“Public investment in science generates new jobs and economic growth year on year beyond the initial investment. Five years of failing to increase research expenditure to at least match inflation has wiped £1bn off the core research budget. When coupled with the often forgotten major cuts to the research spend of each Government Department, the underinvestment in UK science will inevitably lead to an erosion of our world renowned capability and output unless investment starts to grow again now.”
Prof. Sir John Tooke, President, Academy of Medical Sciences, said:
“We urge the Government to appreciate that short-term cuts to research investment and capacity represent a false economy at a time when research and innovation are more critical than ever. For the medical sciences, funding reductions would threaten the UK’s ability to provide an innovative, effective and affordable health system in the face of increased demand.
“Sustained investment in biomedical research is essential to tackle many current and future health challenges, particularly rising levels of diabetes and obesity, the threat of emerging infections and the ability to deal with an ageing population. Without adequate support the sector will be unable to train and retain the highly skilled workforce needed to address these challenges.
“Public funding for research plays a central role in providing stability and confidence across the broader funding landscape. Even if lost funding is later reinstated, the damage to the UK’s world-leading research base is likely to be entrenched, and may be irreversible. At a time of ever-increasing need for innovative solutions, we urge the Government to back its rhetoric with resource and capitalise on this opportunity to invest for the future of the UK.”
Dr Jenny Rohn, Chair of Science is Vital, said:
“Scientists have been worried about the declining research budget for some time now. But in the face of these alarming new threatened cuts, the time has come for people all over the UK – not just scientists – to raise their voices and remind the government that science is vital – for all of us.”
Prof. Uta Frith, Emeritus Professor of Cognitive Development at University College London, said:
“The high status of UK science critically depends on the support of blue skies research. It is the one sure advantage of the UK over its competitors. For example, if the MRC hadn’t funded the work done by me and my colleagues, there would have been much slower progress in understanding the nature of autism and dyslexia. We’d probably still blame the parents.”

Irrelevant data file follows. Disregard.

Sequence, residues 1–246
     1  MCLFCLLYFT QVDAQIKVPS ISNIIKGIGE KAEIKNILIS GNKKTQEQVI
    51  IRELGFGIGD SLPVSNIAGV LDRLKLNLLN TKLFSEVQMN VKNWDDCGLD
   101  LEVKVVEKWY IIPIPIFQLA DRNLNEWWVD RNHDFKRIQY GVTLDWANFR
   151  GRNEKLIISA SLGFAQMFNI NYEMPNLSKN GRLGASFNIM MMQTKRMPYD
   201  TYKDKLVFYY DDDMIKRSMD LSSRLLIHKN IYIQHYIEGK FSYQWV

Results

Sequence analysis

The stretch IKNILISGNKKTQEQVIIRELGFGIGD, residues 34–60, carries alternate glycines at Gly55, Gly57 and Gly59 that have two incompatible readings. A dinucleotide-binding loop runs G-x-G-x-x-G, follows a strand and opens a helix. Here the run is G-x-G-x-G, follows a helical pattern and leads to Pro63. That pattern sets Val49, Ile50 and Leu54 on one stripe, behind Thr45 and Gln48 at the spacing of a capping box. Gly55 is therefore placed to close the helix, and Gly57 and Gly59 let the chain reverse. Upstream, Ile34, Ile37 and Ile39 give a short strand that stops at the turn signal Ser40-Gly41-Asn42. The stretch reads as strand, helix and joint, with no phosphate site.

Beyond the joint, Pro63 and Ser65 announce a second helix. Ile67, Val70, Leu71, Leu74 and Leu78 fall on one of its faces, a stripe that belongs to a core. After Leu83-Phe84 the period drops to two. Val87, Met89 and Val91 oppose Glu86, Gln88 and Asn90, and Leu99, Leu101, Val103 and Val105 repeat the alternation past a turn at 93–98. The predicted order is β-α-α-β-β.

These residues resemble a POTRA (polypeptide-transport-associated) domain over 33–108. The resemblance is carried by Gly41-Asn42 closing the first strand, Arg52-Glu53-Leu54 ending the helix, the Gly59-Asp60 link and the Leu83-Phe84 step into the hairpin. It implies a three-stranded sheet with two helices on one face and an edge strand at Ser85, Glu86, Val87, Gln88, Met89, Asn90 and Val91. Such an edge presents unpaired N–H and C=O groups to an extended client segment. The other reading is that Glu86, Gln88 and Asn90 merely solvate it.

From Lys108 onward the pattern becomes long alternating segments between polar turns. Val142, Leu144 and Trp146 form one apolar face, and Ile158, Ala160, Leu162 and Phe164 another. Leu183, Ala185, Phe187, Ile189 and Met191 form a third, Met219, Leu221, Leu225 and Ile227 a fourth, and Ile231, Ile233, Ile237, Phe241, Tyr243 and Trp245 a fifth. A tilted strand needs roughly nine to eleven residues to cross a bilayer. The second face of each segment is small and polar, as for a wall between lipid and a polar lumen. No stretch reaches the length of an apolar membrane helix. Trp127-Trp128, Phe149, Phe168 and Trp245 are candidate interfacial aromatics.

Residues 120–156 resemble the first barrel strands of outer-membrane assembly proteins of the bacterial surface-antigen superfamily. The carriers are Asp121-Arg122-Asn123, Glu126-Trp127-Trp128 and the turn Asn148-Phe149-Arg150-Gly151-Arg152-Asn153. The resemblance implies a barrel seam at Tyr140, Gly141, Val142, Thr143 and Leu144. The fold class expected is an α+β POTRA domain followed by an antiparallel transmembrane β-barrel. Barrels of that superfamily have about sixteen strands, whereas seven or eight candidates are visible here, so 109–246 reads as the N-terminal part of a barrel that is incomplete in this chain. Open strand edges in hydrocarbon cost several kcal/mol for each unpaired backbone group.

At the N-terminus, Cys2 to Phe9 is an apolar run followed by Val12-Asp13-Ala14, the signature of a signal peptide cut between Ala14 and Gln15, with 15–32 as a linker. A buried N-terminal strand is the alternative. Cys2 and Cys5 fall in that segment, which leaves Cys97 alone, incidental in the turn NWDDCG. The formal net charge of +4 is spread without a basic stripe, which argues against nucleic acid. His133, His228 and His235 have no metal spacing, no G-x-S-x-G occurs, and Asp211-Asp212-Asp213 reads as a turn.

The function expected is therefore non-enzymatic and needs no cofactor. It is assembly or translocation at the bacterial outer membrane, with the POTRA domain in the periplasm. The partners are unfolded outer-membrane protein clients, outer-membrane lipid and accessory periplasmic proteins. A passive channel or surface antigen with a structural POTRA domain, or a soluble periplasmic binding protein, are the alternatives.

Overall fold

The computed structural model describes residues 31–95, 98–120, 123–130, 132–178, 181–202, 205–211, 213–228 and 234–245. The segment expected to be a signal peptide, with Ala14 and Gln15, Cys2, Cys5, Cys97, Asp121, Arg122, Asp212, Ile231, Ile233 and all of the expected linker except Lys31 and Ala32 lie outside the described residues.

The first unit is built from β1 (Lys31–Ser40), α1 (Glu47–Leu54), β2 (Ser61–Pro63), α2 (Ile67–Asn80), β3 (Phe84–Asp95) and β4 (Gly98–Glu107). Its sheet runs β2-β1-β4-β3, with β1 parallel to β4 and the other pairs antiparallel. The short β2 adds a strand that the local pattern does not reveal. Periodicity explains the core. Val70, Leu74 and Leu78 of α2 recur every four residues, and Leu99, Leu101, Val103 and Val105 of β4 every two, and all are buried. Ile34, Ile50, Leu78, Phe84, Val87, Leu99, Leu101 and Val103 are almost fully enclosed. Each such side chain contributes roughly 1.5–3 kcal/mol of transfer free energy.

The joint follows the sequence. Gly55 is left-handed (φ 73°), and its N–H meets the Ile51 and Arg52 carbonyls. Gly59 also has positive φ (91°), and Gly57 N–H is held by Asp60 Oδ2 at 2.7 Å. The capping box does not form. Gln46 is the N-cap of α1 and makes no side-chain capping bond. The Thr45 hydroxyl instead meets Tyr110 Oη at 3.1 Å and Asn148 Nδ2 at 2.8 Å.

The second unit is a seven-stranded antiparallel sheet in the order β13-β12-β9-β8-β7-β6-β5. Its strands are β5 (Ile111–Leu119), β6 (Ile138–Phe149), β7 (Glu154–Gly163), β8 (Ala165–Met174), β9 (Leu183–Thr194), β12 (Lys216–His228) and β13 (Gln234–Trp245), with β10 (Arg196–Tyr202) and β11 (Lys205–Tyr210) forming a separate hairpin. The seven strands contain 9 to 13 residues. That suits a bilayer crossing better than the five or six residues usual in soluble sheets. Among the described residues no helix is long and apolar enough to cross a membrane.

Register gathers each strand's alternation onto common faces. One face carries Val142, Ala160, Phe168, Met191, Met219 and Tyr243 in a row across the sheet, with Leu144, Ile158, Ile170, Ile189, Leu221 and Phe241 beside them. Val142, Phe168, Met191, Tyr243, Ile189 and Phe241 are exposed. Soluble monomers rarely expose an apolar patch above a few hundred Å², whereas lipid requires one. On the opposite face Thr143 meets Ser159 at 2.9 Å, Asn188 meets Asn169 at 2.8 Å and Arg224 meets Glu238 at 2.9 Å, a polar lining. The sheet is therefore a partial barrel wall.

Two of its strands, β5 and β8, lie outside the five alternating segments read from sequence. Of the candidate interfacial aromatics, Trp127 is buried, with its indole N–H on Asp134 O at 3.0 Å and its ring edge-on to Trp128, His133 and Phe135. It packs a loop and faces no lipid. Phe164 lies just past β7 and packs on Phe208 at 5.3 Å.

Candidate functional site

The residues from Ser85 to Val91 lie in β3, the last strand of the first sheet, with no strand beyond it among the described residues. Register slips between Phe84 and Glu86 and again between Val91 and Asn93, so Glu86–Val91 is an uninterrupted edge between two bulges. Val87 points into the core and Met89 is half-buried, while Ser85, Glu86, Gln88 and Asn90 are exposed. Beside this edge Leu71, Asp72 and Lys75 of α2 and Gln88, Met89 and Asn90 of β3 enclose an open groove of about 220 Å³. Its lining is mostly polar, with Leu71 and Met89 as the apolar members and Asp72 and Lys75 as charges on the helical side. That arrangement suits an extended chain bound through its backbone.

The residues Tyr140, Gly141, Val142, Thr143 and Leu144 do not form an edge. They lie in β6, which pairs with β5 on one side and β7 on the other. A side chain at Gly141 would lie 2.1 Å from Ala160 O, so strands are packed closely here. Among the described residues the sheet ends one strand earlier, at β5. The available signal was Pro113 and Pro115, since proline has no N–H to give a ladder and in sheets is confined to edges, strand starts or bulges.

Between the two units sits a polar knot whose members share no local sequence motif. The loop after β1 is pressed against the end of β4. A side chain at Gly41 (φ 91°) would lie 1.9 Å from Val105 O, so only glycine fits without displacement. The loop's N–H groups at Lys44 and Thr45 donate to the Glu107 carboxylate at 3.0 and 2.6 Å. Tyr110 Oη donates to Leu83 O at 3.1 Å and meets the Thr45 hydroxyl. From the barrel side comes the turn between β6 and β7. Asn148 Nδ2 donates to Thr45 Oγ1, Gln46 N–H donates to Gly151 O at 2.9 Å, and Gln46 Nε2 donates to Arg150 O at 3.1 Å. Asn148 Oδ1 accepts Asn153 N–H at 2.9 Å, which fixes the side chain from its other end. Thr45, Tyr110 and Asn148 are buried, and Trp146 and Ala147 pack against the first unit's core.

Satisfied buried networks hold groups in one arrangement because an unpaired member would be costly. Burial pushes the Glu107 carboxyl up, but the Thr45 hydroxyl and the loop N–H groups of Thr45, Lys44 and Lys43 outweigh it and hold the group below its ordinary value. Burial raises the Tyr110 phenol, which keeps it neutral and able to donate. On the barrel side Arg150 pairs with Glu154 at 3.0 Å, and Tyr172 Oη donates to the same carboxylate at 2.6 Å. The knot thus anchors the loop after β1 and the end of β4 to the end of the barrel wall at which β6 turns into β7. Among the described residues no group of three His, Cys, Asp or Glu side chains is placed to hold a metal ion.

Prof. Jim Al-Khalili, Professor of theoretical physics at the University of Surrey, presenter of BBC Radio 4’s The Life Scientific, said:
“To think that the UK can maintain its current position as a world leader in science while the percentage the government spends on R&D continues to drop is ludicrous. We are moving in the opposite direction to the rest of the world. It is during times of economic austerity that we need to invest more in science, not less. Every other country in the developed world understands this. Let’s not be left behind.”
Prof. Stephen Curry, Vice-chair of Science is Vital and Professor of structural biology at Imperial College, London, said:
“It hardly seems credible that, as the UK is pulling out of recession, the government is asking the research councils to contemplate deep spending cuts. Cutting research funding will reduce our ability to create the knowledge that is the seed-corn for the technologies needed to face the challenges posed by climate change, emerging infectious diseases, our food supply, and the care of an aging population.”
Mat Hutchings, a researcher at the University of East Anglia, said:
“I’m a scientist trying to find new antibiotics in unusual ecological niches. I run a research lab of 10 scientists as well as teaching full time and acting as Associate Dean for Enterprise. I work long hours doing a job I love and spend the rest of my time with my young family. I believe passionately in UK science and its ability to transform lives. It’s almost impossible to get a research grant and if you cut funding further it will drive us all to Germany or the US. I know you understand the value of science so please don’t destroy the amazing research in this country.”
Tom Hartley, a researcher at the University of York, said:
“If Britain is not leading the world in science, technology and engineering, then we are condemning our country to fall behind [other industrialised economies].” Your own words in Budget 2014. Science is vital. I am working on a new test to help diagnose Alzheimer’s Disease earlier and cheaply. It could save the NHS money, help with the development of new treatments and improve life for so many older people. Such rewards can come only if you invest in science. Please increase research funding as a proportion of GDP – you know it makes sense – you told us yourself.”
Professor Stephen Busby, Chair of the Biochemical Society, said:
“UK molecular bioscience has made an amazing contribution to the UK economy over the past 50 years in various fields, but there is much more to come as the DNA sequence revolution opens the gates to personalised medicine. Hence the business case for further investment is overwhelming and it would be short sighted to reduce investment at this stage.
£1 billion real-term shortfall in investment in the UK research base has accumulated over the last 5 years and an increase in investment is needed to reverse it. This shortfall will be over £2.3 billion by the 2020 general election if current government spending policy continues. Having the lowest GDP spending on science among the G8 nations and being threatened with further cuts poses a real challenge to the UK as a world leader in science.
We urge the Government to realise the value of the UK science sector and provide it with sustainable financial support so that we make the best out of the talent in the UK and remain a world leader in science.”
On this occasion the SMC has not asked for declarations of interests as we consider everyone to be an interested party.